This strange creature could help scientists learn more about what the ecosystem was like 12 million years ago.
Scientists have discovered a dog specimen in Maryland that could be an entirely new species of “bone-crushing” dogs.
The 12-million-year-old fossils belong to Cynarctus wangi, a dog with incredibly powerful jaws and broad teeth that suggests it was an omnivore, eating not only animals but also plants and insects, according to a University of Pennsylvania statement.
It’s a fascinating discovery that could shed more light on what the ancient U.S. East Coast ecosystem looked like. Scientists think this dog acted like a coyote or hyena, scavenging along the Atlantic Coast of North America, eating whatever it could find.
The findings, published in the Journal of Paleontology, are based on fossils discovered by an amateur collector in Maryland. Cynarctus wagni probably lived with ancient pigs, horses, and even an elephant-like creature — now long since gone from the continent.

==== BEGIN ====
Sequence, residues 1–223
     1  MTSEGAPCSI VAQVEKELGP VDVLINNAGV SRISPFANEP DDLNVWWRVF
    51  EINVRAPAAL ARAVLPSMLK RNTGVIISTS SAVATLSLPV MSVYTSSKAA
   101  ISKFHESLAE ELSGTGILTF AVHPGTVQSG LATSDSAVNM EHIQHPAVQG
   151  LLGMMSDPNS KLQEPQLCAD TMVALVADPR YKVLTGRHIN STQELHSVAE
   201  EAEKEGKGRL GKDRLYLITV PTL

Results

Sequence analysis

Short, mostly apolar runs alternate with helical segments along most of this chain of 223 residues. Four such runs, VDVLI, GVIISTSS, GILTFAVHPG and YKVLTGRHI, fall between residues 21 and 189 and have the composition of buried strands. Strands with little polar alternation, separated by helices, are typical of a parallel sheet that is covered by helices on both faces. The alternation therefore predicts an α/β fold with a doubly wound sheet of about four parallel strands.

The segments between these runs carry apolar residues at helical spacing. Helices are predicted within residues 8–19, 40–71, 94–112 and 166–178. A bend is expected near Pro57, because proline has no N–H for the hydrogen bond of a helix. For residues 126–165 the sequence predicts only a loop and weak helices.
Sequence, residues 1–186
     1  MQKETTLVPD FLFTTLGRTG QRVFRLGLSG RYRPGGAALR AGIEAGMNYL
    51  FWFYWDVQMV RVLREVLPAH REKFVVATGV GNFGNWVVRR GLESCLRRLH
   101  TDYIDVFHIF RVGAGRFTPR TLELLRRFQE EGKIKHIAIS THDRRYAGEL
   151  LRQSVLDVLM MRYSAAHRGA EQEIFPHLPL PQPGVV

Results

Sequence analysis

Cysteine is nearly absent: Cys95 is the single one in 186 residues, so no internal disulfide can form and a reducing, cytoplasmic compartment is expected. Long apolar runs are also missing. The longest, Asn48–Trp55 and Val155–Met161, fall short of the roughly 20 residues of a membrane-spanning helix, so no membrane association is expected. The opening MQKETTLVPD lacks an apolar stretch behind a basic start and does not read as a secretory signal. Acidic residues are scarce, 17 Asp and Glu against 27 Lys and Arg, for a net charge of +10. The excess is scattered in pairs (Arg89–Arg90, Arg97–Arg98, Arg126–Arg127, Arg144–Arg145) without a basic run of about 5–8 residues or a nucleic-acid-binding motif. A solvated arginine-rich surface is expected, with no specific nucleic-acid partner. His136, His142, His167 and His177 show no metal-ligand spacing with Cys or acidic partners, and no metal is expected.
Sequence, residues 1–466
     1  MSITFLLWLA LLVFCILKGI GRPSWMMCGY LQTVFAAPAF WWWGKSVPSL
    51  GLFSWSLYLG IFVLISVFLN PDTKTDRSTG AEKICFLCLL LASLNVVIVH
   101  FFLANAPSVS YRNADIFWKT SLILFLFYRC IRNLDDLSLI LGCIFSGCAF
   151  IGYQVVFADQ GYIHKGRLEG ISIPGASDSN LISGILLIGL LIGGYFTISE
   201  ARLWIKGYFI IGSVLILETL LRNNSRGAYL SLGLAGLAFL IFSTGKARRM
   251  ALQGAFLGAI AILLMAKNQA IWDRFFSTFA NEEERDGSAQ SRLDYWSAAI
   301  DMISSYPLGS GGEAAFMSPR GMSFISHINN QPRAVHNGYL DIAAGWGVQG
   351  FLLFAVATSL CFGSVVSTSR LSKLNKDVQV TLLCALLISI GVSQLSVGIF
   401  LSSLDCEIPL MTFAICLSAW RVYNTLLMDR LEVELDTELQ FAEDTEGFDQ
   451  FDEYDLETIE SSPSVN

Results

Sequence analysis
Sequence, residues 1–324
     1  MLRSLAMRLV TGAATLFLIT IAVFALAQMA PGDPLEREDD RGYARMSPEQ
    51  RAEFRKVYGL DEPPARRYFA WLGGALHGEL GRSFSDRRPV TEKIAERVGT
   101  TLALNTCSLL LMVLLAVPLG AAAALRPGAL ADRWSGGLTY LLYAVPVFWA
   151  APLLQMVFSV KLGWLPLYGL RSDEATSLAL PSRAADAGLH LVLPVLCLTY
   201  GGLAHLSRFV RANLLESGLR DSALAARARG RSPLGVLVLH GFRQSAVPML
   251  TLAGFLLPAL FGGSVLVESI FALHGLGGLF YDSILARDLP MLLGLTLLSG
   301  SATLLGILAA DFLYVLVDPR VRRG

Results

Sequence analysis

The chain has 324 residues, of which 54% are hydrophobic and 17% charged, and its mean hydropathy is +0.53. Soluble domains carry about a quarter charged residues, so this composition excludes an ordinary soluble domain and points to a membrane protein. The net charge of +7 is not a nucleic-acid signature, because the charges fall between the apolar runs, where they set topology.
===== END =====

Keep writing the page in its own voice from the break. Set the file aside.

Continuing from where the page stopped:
“Most fossils known from this time period represent marine animals, who become fossilized more easily than animals on land,” Steven E. Jasinski, a student in the Department of Earth and Environmental Science in Penn’s School of Arts & Sciences and acting curator of paleontology and geology at the State Museum of Pennsylvania in Harrisburg, said in the statement. “It is quite rare we find fossils from land animals in this region during this time, but each one provides important information for what life was like then.”
The statement added that when Jasinski and a colleague first examined the specimen, they decided it was a known species of borophagine dog.
“But when they compared features of the occlusal surfaces, where the top and bottom teeth meet, of the previously known and the new specimens, they found notable differences,” the statement noted. “They concluded that the specimen represented a distinct species new to science.”